December 12, 2009

I Am A Role

When I was a youth, I was very involved in church, and I have a vague memory of people appreciating my eagerness to grow spiritually. Then I went to college, and I got really involved in campus ministries. And again, everyone was enthusiastic about my participation. Next I went to seminary, where I met my husband. When we went to church, people were just tickled that we, so young, were around and actively involved.

Then my husband started being appointed at churches as pastor. And one of the most striking things to me about becoming a pastor's wife was the difference in how our presence was perceived. I remember walking into the first PPR meeting with my husband to meet the first church, and a man looked my husband over with an expression on his face like, "This kid is going to be our pastor?" That man turned into a very dear friend, and things went very well at that church. But it struck me right away how very, very, very different it is to be received into a church as a pastor's family as opposed to being anyone else.

At the church we are at right now, there is, of course, a United Methodist Women's group. I would very much love to be involved in the UMW, but it is difficult with a clingy new baby and an active three year old and no family in the area to leave the kids with. And so I have not been a regular attender. Now, if I were merely myself and not the pastor's wife, the UMW at this church would be thrilled that a young adult woman such as myself shows up sometimes at all. The ladies regularly lament that younger women have not gotten involved.

But I do not count as a young woman. I am the pastor's wife, and it is my absence, not my presence, that is most acutely notice. The very first time I went, I heard one lady whisper to another, "The pastor's wife is here!" And I noted that I am not just myself to them. I am a role. A role with preconceived expectations and conditions. Everything I do and say, it is for them "the pastor's wife" that is doing and saying those things, and it is by the role that these things are measured.

All things considered, I am okay with filling the role. My husband is called to be a pastor, and, just as God brought us together into the covenant of marriage, I learn more and more every year that God also equipped me to handle all that goes with this. But I do wish that there was a way for people in the church to become aware of just how different the experience of church is for a pastor's spouse than it is for any of them.

Kristin is a Ph.D. candidate at Princeton Seminary and a pastor's wife in New Jersey


  1. I can definitely identify with the idea of being not a normal church member. I am not the pastor, but I am not just a member either. I don't know how the congregation views me, really, but I sure don't feel genuinely a part of the congregation. I feel guilty if I don't participate in something, but feel awkward and out-of-place if I do!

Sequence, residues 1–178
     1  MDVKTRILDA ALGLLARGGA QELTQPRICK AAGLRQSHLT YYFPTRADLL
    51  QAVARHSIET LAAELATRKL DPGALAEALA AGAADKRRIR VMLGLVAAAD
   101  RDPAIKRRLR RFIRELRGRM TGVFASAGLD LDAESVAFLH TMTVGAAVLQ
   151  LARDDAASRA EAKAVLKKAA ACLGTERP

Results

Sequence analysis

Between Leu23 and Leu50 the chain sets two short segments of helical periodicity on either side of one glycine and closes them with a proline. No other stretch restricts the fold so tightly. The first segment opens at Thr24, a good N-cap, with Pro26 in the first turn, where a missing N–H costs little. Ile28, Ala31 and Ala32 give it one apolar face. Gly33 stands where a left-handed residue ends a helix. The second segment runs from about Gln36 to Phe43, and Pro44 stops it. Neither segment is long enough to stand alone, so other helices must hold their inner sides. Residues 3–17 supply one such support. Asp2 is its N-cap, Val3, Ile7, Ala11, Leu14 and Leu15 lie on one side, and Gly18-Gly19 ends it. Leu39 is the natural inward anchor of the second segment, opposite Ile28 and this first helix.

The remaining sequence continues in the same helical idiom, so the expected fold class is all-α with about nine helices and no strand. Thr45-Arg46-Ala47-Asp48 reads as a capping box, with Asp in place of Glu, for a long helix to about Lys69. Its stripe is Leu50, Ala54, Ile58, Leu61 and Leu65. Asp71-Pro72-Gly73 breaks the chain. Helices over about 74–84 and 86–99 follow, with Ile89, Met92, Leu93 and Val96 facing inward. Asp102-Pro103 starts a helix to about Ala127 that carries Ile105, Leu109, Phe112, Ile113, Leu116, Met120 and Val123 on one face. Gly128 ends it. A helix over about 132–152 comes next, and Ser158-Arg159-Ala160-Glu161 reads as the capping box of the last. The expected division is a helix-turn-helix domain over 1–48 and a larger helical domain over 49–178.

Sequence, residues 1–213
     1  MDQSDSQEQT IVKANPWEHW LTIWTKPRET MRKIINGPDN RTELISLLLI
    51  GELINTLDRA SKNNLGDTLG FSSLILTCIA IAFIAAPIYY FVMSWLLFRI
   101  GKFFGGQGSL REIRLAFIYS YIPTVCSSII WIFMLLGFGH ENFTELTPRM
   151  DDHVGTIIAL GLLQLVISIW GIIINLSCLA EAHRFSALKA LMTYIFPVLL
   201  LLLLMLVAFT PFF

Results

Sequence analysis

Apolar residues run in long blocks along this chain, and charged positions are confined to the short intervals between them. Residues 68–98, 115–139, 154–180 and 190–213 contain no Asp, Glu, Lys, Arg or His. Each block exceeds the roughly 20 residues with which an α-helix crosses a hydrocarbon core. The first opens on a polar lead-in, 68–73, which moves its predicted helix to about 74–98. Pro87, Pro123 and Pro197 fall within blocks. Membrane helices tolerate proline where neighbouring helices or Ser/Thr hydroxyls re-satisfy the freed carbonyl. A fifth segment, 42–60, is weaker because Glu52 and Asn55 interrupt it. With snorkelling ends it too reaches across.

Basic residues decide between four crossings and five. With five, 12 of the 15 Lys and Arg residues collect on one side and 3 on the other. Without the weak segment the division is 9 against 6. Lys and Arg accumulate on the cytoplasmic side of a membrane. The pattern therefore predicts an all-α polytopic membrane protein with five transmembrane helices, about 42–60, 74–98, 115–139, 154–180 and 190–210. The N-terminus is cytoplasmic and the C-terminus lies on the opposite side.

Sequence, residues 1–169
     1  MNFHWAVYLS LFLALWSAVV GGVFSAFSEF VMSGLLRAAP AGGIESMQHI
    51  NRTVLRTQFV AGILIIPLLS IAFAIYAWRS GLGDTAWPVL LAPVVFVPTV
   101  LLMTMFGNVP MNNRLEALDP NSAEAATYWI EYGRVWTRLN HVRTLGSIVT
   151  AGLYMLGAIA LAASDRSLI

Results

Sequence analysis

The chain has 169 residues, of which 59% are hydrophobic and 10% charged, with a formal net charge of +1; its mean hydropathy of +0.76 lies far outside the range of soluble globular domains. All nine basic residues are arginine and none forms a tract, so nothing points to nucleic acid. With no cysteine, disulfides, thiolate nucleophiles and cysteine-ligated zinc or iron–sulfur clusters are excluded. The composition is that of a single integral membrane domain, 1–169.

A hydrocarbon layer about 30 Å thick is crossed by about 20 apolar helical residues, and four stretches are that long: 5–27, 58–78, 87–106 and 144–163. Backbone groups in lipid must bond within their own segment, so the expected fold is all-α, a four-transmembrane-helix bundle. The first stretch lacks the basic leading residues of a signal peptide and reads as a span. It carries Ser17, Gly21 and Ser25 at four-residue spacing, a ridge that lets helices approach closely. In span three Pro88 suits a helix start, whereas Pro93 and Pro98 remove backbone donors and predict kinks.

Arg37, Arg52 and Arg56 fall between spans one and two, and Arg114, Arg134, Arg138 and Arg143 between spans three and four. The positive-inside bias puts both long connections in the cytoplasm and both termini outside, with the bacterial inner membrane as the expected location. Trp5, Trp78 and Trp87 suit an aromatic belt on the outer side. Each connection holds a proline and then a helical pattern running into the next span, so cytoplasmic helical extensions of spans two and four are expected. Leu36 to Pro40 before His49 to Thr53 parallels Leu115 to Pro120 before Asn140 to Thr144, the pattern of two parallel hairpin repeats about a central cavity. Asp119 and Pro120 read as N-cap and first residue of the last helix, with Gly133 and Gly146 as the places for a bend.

2. The most important thing is how you view and define yourself as someone more than just a role or how the congregation sees you. Part of this of course, begins with how God sees you in Jesus. Many of the younger women are not in the UMW because they are either working outside of the home or busy at home with children. Many of these older women grew up in a day with many relatives around them to help with child care and I think some have forgotten what having children is like. In addition of all the various groups of people with spouses who work outside of the home, pastors' wives are the largest group. I'm not on incapacity/disability leave as a UM clergy and I don't really feel part of where I go to church either nor do I really feel a part of the conference when we have annual conference or clergy gatherings.

  3. When I was new at this clergy spouse thing, I had an older, wiser, experienced spouse say to me, "Just be yourself." Ok I thought. But I think I was a little confused. After several years of growth and maturity, I was able to reflect and share with this wise woman, that first one needs to know one's self before you can, 'Just be yourself.'

    When our children were younger, I attended the UMW meetings and George stayed home with our sons. He got to some things, but didn't feel like he had to be at all. Esp. the District and Conference meetings, he was a great help so I could attend them, meet new women, and see friends.
    I have realized that we as clergy spouses are not clergy, but neither are we 'regular laity' who welcome the new clergy family. It can be an awkward position. Sometiems I have said that I wish there was a book on 'How to be a clergy spouse' then I could pick and choose the parts I wanted to do and ignore the rest. But unfortunately, there are at least as many 'how tos' as there are members of the congregation or parish and many of them do not agree.